Fly-fishers, trail runners & beer lovers unite!
Flyathletes on the run
How many points will this catch score me?
Since trail running, fly-fishing and craft beer are things undoubtedly adored by many in our great state, it’s no surprise that someone decided to establish a Colorado event that includes them all — and supports incredibly worthy causes to boot.
Denver-based Federal aquatic biologist Andrew Todd, whose personal adventure-packing list often includes trail-running shoes, a fly rod and a craft-beer-stocked cooler, started the Rocky Mountain Flyathlon in 2014. Swapping swimming and biking for fly-fishing and beer sipping, the triathlon started out as a small affair with just 40 participants at Middle Creek near the town of Saguache in south-central Colorado.
How do you win a Flyathlon? Complete the designated trail run (short and long courses are available for different skill levels), catch and release a fish at the spot of your choice during the run and take a picture of the catch on your race bib (cleverly equipped with a handy ruler) — all in the speediest way possible.
Scores are participants’ running times minus their “fish bonuses,” calculated by the length and species of fish you catch. Extra points are given for hooking native cutthroat trout. Then, volunteers, participants and their supporters toast with beers donated by Colorado craft breweries at a lively après-race bash.
An aquatic ecotoxicologist (aka: one who studies the effects of toxic chemicals on water organisms) who has always had a passion for river and stream ecology in Colorado, Todd also wanted the event to benefit the waters he loved the most. He decided to reinvest the Flyathlon’s proceeds into improving and restoring native species and fisheries throughout the state with the help of nonprofit Colorado Trout Unlimited. Additionally, “Flyatheletes” are asked to encourage their supporters to donate funds to charity on the event’s website.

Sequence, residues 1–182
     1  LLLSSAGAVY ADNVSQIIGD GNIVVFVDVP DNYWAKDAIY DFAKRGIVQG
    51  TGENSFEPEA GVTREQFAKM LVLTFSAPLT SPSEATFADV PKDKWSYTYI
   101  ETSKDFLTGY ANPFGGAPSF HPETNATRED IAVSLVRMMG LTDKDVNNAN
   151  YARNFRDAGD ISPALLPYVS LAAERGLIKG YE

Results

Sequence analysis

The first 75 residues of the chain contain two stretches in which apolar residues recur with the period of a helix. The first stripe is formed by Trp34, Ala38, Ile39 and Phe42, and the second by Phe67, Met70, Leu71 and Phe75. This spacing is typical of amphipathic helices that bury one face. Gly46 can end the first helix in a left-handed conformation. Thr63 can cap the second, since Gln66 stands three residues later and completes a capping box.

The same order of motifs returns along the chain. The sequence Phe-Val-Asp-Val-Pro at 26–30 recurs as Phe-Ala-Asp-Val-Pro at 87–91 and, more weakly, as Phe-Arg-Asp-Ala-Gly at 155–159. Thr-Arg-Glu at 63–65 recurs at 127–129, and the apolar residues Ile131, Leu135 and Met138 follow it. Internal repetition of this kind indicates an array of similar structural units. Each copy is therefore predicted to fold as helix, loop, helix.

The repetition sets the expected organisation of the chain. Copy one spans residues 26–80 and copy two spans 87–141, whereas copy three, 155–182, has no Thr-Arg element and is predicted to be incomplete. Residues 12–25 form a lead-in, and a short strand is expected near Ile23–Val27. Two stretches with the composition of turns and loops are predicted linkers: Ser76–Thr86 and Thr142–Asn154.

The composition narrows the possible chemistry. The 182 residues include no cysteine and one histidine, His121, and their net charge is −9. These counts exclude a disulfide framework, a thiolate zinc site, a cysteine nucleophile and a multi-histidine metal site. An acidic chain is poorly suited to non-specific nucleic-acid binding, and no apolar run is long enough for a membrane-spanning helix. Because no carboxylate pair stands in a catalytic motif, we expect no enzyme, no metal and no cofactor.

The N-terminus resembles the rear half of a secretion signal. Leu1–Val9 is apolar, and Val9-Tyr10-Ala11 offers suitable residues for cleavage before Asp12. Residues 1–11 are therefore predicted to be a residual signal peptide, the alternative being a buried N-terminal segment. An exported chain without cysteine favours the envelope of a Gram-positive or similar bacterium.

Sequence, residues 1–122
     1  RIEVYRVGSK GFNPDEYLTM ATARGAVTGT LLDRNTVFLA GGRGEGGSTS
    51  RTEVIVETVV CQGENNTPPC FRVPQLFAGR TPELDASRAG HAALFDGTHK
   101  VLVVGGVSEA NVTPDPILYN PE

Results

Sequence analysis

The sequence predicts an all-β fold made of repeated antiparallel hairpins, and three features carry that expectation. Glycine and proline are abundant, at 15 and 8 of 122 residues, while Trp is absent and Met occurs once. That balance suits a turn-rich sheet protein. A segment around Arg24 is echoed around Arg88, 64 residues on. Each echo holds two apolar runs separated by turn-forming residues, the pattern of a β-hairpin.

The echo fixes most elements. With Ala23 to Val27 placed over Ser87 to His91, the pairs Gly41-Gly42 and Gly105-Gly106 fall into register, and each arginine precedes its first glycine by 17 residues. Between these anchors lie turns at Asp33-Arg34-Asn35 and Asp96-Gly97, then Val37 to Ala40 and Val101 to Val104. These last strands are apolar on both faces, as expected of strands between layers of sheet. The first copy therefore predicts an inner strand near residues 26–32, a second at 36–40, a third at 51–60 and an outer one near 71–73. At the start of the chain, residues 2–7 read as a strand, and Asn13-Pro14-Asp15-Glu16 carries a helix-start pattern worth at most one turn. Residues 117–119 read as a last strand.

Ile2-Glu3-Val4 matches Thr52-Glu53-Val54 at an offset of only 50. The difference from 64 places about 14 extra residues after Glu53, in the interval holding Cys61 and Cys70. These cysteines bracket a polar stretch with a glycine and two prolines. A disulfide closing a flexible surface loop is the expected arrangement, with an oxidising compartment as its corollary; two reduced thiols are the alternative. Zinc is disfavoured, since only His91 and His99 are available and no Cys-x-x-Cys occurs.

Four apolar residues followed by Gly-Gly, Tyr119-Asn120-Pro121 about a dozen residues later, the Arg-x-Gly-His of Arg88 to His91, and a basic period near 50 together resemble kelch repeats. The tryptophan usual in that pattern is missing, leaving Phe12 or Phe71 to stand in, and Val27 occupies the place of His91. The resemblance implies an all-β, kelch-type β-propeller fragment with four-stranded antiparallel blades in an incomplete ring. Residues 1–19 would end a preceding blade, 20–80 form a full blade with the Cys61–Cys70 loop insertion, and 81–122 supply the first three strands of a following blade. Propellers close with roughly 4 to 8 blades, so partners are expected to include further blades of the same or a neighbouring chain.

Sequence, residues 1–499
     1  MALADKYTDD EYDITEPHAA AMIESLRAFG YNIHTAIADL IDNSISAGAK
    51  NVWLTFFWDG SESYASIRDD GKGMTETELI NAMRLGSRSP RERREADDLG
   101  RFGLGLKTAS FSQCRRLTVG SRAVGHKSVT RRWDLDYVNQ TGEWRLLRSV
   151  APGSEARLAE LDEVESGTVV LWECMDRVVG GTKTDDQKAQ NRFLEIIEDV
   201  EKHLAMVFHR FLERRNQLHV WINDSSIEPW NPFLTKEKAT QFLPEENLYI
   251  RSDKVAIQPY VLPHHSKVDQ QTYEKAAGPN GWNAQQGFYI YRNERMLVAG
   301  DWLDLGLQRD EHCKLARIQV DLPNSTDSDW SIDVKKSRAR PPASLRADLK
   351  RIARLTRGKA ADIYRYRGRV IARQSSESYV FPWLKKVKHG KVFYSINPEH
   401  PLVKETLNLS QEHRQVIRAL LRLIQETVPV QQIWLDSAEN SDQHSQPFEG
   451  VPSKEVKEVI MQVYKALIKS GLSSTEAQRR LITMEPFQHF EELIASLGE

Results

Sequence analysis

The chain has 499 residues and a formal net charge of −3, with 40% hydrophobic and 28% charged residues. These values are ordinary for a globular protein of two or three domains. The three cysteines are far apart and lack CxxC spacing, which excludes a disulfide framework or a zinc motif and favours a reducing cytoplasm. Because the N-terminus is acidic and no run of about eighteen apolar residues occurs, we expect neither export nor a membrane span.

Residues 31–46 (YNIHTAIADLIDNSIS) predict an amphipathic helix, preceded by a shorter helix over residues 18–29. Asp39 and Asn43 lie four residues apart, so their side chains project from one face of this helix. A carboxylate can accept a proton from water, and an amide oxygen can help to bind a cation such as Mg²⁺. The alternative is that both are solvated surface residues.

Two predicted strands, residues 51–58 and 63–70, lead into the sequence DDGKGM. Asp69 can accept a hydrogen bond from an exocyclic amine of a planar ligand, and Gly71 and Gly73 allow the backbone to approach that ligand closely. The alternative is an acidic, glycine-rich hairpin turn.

The 2015 event included more than 50 participants and raised more than $22,000. Coveted wooden trophies topped with a mounted metal fish were presented to the male and female Flyathletes of the Year, who have the privilege of burning their names into the wood. Prizes donated by sponsors are also bestowed upon top fundraisers and those who bagged the biggest and smallest catches.
By the summer of 2017, the Flyathlon grew to include three annual events in Saguache, Gunnison and Creede that included more than 120 proud rod-toting runners. Todd also created a partnering nonprofit in 2016 for the Flyathlon: Running Rivers connects people with freshwater ecosystems through recreational events, education activities and on-the-ground projects like trail building and creating educational signage near waterways.
While the Flyathlon has gained success as a unique event for those with like recreational interests to thrive, it also has a deeper mission: Todd hopes that participants who learn how to fish in the wilds responsibly will want to see our native fish thrive — and become citizen stewards who volunteer to conserve precious public lands outside of the event. We’ll raise our rods to that.
Photo credits: flyathletes, Erik Myhre; participants examine a catch in a stream, Erik Myhre; flyathletes on the run, Craig Hoffman.